… it all starts with a complete understanding of the customer
As a marketing consultant, I have the opportunity to work with many different types and sizes of companies. Regardless of the firm, I see one common mistake occurring in all of them: a lack of understanding of the deep motives, needs, wants, and desires of their core customer. In other words, most companies can tell me WHAT they are selling, but they have much more difficulty articulating WHY customers are buying.
You don’t understand
This lack of understanding of their customer doesn’t just affect new upstarts; larger companies can also be victims. A recent article in the Washington Post related how outdoor wear retailer Timberland was able to turn around their business by gaining a deep understanding of their core customer.
Timberland’s roots go back to 1950’s Boston, where company founder Nathan Swartz bought a half interest in a small shoe company that would later become Timberland. In 1965, the company perfected the injection moulding technique that allowed the soles of a boot to be connected to the leather uppers without stitching, resulting in a waterproof finish. The new waterproof boots proved to be quite popular, and over the ensuing years, the company built on this success by adding casual and boat shoes to their product lines. In the 1980s, Timberland expanded to include a kids’ line, casual clothes, outdoor accessories, and even watches. This was also the beginning of their international growth, starting with an entry into Italy. In 2011, the privately held company was sold to VF Corporation, a global apparel and footwear company, for over $2 billion.
A massive windfall, but …
Although the company’s sale was a massive windfall for the Swartz family, Timberland itself was suffering from a general malaise that resulted in market share loss and flat revenues from 2006 – 2012. In hindsight, the brand did not have a focus. Brand perceptions differed throughout the world, from comfort to hip hop fashion to tough, durable products for adventuresome, windburned outdoors people. VF conducted a 2-year customer study of over 18,000 people in 8 countries to turn the brand’s fortune around. Here’s what their 2014 annual report had to say about the results:
“To sharpen our strategy, we launched an aggressive two-year insights campaign, talking
with 18,000 consumers in eight countries. Key learnings? They care about style – a lot.
They’re more city-based than we thought. And in their world, it’s all about digital.
… many different messages …
Prior to the research, Timberland had many different messages which were clearly evident in their advertising at the time. Core message themes ranged from having environmentally friendly manufacturing processes to the product’s rugged technical performance attributes.
A focus on a core customer
But the study helped Timberland focus on a core customer who they called “outdoor lifestylers”. These were urban people who liked the ideas, and imagery of the outdoors, but were most likely to give their boots a workout hiking over to the Starbucks on a Saturday morning for a Chestnut Praline Latte than a jaunt through some wilderness terrain. These folks were most interested in style over function.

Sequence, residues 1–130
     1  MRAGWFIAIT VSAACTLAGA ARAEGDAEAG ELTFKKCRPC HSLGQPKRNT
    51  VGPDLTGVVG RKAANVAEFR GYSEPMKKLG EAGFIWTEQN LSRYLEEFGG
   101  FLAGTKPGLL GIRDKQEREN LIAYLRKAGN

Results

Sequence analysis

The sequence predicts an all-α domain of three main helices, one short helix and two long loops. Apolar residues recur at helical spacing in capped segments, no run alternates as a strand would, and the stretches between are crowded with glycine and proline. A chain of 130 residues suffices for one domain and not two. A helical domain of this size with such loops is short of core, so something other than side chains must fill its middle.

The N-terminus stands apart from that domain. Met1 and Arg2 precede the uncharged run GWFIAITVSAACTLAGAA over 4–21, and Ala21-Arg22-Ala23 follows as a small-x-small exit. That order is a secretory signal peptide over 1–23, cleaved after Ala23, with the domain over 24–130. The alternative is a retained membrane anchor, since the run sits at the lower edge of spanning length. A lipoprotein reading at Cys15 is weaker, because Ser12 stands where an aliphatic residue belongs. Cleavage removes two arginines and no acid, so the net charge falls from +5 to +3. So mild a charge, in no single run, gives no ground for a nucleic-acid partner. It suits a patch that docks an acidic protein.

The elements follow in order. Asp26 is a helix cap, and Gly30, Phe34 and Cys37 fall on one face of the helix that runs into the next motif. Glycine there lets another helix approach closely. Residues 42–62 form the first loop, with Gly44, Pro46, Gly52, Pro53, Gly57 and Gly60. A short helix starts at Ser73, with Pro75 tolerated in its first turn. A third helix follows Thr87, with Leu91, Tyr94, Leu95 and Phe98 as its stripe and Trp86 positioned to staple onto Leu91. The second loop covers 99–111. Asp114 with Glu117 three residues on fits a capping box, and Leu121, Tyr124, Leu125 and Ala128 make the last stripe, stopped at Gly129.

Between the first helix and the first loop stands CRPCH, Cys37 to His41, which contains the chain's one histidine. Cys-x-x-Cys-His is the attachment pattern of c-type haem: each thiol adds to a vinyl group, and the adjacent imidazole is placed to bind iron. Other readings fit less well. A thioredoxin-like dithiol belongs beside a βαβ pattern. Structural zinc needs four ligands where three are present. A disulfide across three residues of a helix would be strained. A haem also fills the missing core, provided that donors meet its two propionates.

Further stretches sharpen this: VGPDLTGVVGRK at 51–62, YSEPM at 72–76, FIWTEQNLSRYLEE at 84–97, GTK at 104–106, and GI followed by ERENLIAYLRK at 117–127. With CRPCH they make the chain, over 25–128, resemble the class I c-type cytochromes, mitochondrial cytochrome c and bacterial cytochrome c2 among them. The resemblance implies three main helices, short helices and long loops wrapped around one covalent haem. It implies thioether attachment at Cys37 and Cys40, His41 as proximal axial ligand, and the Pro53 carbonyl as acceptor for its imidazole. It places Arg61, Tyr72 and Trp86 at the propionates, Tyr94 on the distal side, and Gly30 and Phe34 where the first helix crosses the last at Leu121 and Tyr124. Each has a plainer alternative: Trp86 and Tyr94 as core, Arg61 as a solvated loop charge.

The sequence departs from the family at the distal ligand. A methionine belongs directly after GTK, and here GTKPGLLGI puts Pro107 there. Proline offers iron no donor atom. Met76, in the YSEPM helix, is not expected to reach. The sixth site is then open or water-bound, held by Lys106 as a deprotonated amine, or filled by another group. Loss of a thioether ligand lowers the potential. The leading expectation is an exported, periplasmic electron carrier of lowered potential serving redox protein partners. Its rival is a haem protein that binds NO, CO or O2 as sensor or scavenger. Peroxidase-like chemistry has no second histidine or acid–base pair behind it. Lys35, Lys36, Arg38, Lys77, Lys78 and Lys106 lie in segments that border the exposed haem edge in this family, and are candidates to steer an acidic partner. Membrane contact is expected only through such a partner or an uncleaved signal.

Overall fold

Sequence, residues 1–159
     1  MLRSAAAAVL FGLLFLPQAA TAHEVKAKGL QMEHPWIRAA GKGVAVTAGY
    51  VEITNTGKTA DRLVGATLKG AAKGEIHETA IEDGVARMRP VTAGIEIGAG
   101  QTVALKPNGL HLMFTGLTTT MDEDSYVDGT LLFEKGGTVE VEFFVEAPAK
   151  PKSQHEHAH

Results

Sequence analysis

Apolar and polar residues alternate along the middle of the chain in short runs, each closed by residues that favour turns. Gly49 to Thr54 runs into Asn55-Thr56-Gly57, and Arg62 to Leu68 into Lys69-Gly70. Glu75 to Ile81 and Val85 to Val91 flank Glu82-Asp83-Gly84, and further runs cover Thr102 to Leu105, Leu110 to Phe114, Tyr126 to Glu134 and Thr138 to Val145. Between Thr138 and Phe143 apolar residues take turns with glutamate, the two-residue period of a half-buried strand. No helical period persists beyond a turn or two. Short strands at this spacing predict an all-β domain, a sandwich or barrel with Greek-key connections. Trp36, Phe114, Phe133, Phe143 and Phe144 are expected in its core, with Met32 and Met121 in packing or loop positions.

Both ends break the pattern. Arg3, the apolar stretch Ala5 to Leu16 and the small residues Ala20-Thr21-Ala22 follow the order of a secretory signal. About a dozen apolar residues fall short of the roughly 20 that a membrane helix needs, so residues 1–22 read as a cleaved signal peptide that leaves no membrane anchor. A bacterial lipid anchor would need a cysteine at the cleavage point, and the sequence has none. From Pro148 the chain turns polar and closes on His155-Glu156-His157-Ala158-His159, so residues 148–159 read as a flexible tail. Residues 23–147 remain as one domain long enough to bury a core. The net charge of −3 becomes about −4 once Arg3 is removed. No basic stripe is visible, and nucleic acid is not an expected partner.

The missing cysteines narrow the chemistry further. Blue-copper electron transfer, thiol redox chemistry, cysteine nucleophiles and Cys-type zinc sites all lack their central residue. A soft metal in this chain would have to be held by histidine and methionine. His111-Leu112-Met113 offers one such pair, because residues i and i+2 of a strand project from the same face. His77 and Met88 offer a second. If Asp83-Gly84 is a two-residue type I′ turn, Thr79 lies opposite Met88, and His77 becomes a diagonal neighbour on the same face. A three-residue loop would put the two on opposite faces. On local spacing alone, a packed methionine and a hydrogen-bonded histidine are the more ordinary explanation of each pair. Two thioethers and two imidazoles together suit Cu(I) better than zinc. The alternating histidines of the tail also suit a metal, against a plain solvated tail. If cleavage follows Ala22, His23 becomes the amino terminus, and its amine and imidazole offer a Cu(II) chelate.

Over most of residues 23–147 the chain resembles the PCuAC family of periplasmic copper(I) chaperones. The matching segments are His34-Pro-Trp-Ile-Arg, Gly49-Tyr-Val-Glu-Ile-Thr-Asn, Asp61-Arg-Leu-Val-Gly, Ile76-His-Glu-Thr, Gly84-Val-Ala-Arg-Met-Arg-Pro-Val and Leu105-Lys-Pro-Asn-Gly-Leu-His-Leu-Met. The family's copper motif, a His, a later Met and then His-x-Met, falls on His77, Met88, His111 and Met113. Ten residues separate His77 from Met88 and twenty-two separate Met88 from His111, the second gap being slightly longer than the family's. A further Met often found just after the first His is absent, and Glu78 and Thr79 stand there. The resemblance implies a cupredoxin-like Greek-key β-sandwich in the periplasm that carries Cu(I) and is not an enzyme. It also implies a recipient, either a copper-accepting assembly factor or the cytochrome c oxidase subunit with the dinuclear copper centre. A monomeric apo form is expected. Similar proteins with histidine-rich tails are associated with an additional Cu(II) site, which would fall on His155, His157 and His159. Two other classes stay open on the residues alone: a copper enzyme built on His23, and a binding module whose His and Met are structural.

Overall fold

“Style comes first; function and versatility – hallmarks of the Timberland® brand – set us apart.”
Timberland took these insights and reworked everything from product design to marketing. In the company’s words, “Style comes first; function and versatility – hallmarks of the Timberland® brand – set us apart.” This new mantra, driven by deep customer insights, led to such things as:
- the introduction of ladies high heel boots
- more of the colour black in its fashion lines (a basic colour staple)
- the reduction of high-performance products that would only appeal to hardcore enthusiasts
Beyond this, they discovered the brand was perceived as a winter clothing line company. This led to advertising and merchandising that promoted the stores as an all-season outdoor fashion retailer.
The result of the new customer understanding resulted in a 13% jump in 2014 sales, with a dramatically increased profit margin.
How can you gain deep customer insights for your business?
What you really need to understand are their values, use cases (how they plan to use the product), and the deep motives and meanings of their purchase.
How can you gain a deep insight into your customer’s mind? The key is to ask tough questions. The real answers lie beyond superficial responses to questions like basic demographics (e.g. gender, age, income, etc.), and the features they were seeking to buy. What you really need to understand are their values, use cases (how they plan to use the product), and the deep motives and meanings of their purchase.
Here are some categories of questions that Timberland could have used to gain this customer insight:
- The deep imagery the brand evokes in their mind (e.g., mountains, rivers, rough terrain.)
- How do they want to be seen? How do others see them? (e.g., rugged, adventuresome.)
- Their day part activities, engaged both proactively and incidentally (e.g., Describe your morning vs. afternoon routine? Weekend morning routine?)
- Their interests and pursuits (e.g., What have they taken up? Given up? Are passionate about?)
- Their world view (e.g., An explanation of why things are the way they are. Themes, values, emotions, ethics. Where are we headed to? What should we do? What is true or false? What is the method we should use to attain our goals? Causes and effects? etc.)
By understanding your customer’s deep values, emotions, meanings, motives, and use cases, you will be able to tailor your offering to deliver on these critical elements. This is the crucial step to separating you from the competition in your customer’s mind!